The Baptism of the Holy Spirit: A New Era

Inside the dome of the Pantheon in Rome (Author photo)

This is the latest in a series of essays on the topic of baptism. You can find links to the previous articles at the bottom of this page.

Welcome back to this series of essays on baptism. I am currently focusing on the baptism of the Holy Spirit. Thanks for hanging around. I know it’s not as much fun as Wonder Woman.

In the last essay, we saw that the Old Testament prophets predicted two things: 1) a righteous ruler on whom the Spirit of God would rest, and 2) a general outpouring of the Spirit upon all God’s people. Both of these predictions went against the grain of the Old Testament experience. First, while plenty of rulers had God’s Spirit placed upon them, none of them exhibited the kind of righteousness and saving perfection predicted for the Messiah. Second, the idea that all of God’s people would receive the Spirit individually, regardless of status, was a development without precedent.

We must now take a look at how these two things came to pass, and how they reveal to us the meaning of the baptism of the Holy Spirit. Continue reading

The Baptism of the Holy Spirit: Prophecies

Michelangelo’s portrayals of (L-R) Isaiah, Joel, and Ezekiel on the Sistine Chapel ceiling

This is the latest in a series of essays on baptism. You will find links to the previous articles at the bottom of this page.

In the previous essay, I began examining how the Spirit worked prior to Christ’s death and resurrection in order to help determine what is meant by the baptism of the Holy Spirit. We saw that the Spirit was always at work in the Old Testament, but that He was only “placed” on a specific set of people: those entrusted with spiritual leadership of the nation of Israel in one form or another. This Spirit could be given or taken away at any time, according to the will of the Lord. When the covenant relationship between God and His people broke down and the covenant curses were enacted, God promised to restore a righteous remnant to Himself. How would that occur? Let’s take a look. Continue reading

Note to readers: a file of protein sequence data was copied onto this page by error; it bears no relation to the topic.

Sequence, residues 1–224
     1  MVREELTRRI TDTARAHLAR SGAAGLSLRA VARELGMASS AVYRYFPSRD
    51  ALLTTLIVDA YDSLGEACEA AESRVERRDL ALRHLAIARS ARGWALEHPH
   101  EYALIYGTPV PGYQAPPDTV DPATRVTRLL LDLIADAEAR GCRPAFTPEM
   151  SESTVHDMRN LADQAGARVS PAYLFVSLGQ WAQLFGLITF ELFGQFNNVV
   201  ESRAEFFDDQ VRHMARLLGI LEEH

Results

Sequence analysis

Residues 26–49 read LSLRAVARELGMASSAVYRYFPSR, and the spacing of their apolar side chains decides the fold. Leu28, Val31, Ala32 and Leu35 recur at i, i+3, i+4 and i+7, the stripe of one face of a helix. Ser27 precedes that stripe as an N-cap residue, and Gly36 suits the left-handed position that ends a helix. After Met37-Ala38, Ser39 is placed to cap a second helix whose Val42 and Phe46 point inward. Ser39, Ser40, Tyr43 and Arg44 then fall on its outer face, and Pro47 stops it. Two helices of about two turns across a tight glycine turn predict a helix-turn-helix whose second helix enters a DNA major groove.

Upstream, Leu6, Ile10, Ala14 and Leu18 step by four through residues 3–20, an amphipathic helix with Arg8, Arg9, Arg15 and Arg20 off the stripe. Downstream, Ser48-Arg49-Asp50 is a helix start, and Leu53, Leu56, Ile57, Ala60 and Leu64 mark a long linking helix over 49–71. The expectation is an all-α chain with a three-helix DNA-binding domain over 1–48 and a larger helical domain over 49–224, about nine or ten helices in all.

The Baptism of the Holy Spirit: Beginnings

Depiction of Pentecost in Siena Cathedral by Duccio di Buoninsegna, circa 1308-11

This is the latest in a series of essays on the topic of baptism. You can find links to the previous articles at the bottom of this page.

I began this series by discussing the baptism of John. We must now consider something that John himself said. He proclaimed that while he baptized with water for repentance, a greater one was coming who “will baptize you with the Holy Spirit and fire.” (Matthew 3:11b)